Olith and Ogoya admitted that they were not fully aware of what they were being interviewed for and, as neither is fluent in English, there was obviously a communication breakdown given that their management team at Ketebul Music were kept in the dark.

Ketebul Music appreciates efforts by CNN and would like to encourage other international media platforms who are interested in supporting and promoting all forms of Kenyan music to do so.

However, credibility is the hallmark of journalism. Therefore, a respected network such as CNN ought to have consulted an ethno-musicologist with the requisite knowledge of the landscape of Kenya’s diverse music traditions before broadcasting that episode of Inside Africa.

Tabu Osusa

Founding Executive Director, Ketebul Music

Below is an abridged list of European festivals and concerts at which Olith and Ogoya have performed: 


  • Zanzibar Sauti Za Busara


  • Hamburgsund, Clandestino Botnik Festival (Sweden)
  • Nasaker Urkult (Sweden)
  • Bruxelles Recyclart (Belgium)
  • Wuppertal Café Simonz (Germany)
  • Hamburg Stubnitz (Germany)
  • Berlin Sommerloft (Germany)
  • Praha Palac Akropolis (Czech Republic)
  • Katowice Off Festival (Poland)


  • Eberswalde Jazz (Germany)
  • Wuppertal Sommerloch (Germany)
  • Eupen Junglingshaus (Germany)
  • Brussel Ancienne Belgique (Germany)
  • Dusseldort Kit Café (Germany)
  • Koln Stadtgarten (Germany)
  • Utrecht Moira (Netherlands)
  • Weikersheim Club W71 (Germany)
  • Leipzig Fruhauf (Germany)
  • Berlin Kiezsalon (Germany)
  • Glass Glad Café (UK)
  • Bradford Delius Arts and Culture Centre (UK)
  • London Café OTO (UK)
  • Hamburg New Hamburg Festival (Germany)
  • Hamburgsund Clandestino Botnik Festival (Sweden)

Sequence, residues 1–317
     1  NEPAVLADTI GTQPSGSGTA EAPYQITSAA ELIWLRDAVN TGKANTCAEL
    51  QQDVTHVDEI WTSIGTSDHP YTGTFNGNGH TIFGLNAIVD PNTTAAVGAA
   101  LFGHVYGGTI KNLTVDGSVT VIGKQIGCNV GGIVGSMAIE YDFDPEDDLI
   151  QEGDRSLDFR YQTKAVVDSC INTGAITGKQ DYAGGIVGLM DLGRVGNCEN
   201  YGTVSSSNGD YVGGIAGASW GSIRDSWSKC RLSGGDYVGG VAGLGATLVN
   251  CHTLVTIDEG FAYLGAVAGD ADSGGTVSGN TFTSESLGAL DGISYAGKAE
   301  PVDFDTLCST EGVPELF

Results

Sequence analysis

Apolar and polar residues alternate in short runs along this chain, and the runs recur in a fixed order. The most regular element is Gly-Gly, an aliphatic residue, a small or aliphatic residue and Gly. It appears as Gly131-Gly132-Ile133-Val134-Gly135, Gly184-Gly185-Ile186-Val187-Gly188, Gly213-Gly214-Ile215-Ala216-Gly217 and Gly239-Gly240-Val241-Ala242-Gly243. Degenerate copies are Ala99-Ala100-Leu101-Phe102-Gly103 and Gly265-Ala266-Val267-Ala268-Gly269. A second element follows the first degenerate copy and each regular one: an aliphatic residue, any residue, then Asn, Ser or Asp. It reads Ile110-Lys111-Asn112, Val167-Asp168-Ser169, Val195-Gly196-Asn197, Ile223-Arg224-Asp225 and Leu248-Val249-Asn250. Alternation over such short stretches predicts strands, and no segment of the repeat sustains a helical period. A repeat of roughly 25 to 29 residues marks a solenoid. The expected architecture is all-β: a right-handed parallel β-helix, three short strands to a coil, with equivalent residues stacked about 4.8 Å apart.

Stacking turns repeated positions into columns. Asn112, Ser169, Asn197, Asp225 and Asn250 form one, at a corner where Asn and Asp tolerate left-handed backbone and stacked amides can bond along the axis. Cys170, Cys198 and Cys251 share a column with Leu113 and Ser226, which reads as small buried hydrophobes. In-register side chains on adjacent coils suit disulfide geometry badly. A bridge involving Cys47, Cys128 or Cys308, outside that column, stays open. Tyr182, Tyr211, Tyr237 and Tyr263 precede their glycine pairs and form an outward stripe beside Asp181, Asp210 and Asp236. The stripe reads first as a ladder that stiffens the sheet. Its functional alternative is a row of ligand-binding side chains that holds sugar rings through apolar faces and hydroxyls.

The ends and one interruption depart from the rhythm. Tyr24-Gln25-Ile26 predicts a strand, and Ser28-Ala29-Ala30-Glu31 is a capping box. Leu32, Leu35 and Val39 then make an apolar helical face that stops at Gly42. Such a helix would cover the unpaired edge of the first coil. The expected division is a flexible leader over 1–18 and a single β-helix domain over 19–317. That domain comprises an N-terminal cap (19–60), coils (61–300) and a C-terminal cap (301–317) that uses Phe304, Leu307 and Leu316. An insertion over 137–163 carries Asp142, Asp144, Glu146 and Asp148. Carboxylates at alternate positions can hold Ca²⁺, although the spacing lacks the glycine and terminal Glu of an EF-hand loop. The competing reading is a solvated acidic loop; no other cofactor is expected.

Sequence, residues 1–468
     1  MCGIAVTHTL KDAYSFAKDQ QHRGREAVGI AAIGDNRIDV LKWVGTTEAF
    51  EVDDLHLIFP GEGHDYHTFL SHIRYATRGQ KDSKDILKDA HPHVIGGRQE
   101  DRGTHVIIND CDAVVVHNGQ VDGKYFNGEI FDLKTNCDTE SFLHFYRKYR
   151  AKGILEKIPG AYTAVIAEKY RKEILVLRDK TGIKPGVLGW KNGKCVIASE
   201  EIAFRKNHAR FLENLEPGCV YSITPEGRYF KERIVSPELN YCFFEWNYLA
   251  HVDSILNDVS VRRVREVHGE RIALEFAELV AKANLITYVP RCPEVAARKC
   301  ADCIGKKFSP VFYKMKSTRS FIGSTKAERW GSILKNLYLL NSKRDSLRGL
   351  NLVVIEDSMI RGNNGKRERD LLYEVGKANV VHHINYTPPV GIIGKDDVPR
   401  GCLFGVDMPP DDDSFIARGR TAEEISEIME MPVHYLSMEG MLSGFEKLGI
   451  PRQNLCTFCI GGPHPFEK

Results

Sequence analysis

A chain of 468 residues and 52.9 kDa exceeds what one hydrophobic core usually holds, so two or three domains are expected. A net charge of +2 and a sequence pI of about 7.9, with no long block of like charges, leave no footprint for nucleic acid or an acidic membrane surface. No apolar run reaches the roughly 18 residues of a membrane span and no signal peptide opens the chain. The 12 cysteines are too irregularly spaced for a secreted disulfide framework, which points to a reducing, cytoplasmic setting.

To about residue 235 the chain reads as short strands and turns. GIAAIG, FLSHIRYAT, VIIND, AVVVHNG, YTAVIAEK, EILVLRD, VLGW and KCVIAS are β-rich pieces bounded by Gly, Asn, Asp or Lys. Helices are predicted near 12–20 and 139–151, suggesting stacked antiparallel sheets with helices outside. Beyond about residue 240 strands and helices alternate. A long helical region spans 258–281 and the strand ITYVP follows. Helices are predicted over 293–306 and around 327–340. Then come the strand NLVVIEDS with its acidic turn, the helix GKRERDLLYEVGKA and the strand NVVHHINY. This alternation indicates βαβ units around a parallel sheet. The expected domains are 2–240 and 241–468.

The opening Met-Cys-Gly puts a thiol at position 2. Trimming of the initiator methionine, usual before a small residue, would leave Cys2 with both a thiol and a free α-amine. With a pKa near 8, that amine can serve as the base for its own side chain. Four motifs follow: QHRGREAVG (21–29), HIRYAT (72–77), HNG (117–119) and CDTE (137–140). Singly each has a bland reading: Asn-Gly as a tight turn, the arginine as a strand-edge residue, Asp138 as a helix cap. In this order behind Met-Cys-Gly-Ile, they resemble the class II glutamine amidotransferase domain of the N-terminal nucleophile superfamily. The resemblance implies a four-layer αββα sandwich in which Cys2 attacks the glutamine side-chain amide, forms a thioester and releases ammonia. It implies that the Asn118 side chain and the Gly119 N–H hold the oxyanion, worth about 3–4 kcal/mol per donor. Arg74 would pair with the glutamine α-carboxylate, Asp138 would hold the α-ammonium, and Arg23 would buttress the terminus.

• Nasaker Urkult (Sweden)
  • Bruxelles Recyclart (Germany)
  • Hamburg Stubnitz (Germany)
  • Berlin Sommerloft (Germany)


  • Berlin Luftus Hall (Germany)
  • Dusseldorf Carhartt WIP Stage (Germany)
  • Lisboa Jardim da Bibiotecandos Coruscheus (Portugal)
  • Coimbra Salao (Brazil)


Olith Ratego

Ogoya Nengo

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Sauti za Busara 2019 Call for Artist Application

The 16th Sauti za Busara, one of Africa’s top music festivals, is scheduled to take place in Stone Town, Zanzibar during 7 – 10 February 2019.
Sauti za Busara showcases diverse, original and live music from across the African Continent and diaspora. Artists representing music from the Arab World and Indian Ocean are also welcomed to apply
The Call for Artists is open only until 31st July 2018. Follow the link below for application details:

Sauti za Busara 2019 Application

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Shades of Benga: The Story of Popular Music in Kenya

We recently released our long awaited publication, Shades of Benga: The Story of Popular Music in Kenya 1946 -2016. The 652 page book was launched at an event preceded by a photo exhibition, of pictures extracted from the book, at the Alliance Française de Nairobi on 12 July 2017.

Tabu Osusa and Ford Foundation East Africa Office Representative Maurice Makoloo

Tabu Osusa and Ford Foundation East Africa Office Representative Maurice Makoloo

Tabu Osusa and John Githongo

Stefano Sita Nne of Ketebul Music and Dave Omari of Eklektiks

Stefano Sita Nne of Ketebul Music and Dave Omari of Eklektiks

This was followed by a presentation by the books principal authors, Ketebul Music Founding Director Tabu Osusa and Bill Odidi. They discussed the concept behind the book and gave an overview on topics covered in the 14 chapter publication.

Peter Akwabi, Bill Odidi and Tabu Osusa

The launch culminated with performances by some of the pioneering musicians whose profiles can be found in the book: John Nzenze & Peter Akwabi, and Ochestre Les Mangelepa.

John Nzenze, Lucy Ilado and Peter Akwabi

Orchestre Les Mangelepa

Shades of Benga: The Story of Popular Music in Kenya delves into the foundations of modern Kenyan music, examining external influences from the English waltz to Afro Cuban Rumba and how they helped mould new music styles across Africa. Rumba was brought to Eastern Africa via the itinerant Congolese musicians Edouard Masengo and Jean Bosco Mwenda who’s intricate guitar-picking styles largely shaped the present Kenyan sound, with the Benga playing a dominant role.

Currently, you can get advance copies from Ketebul Music Studios or place your order.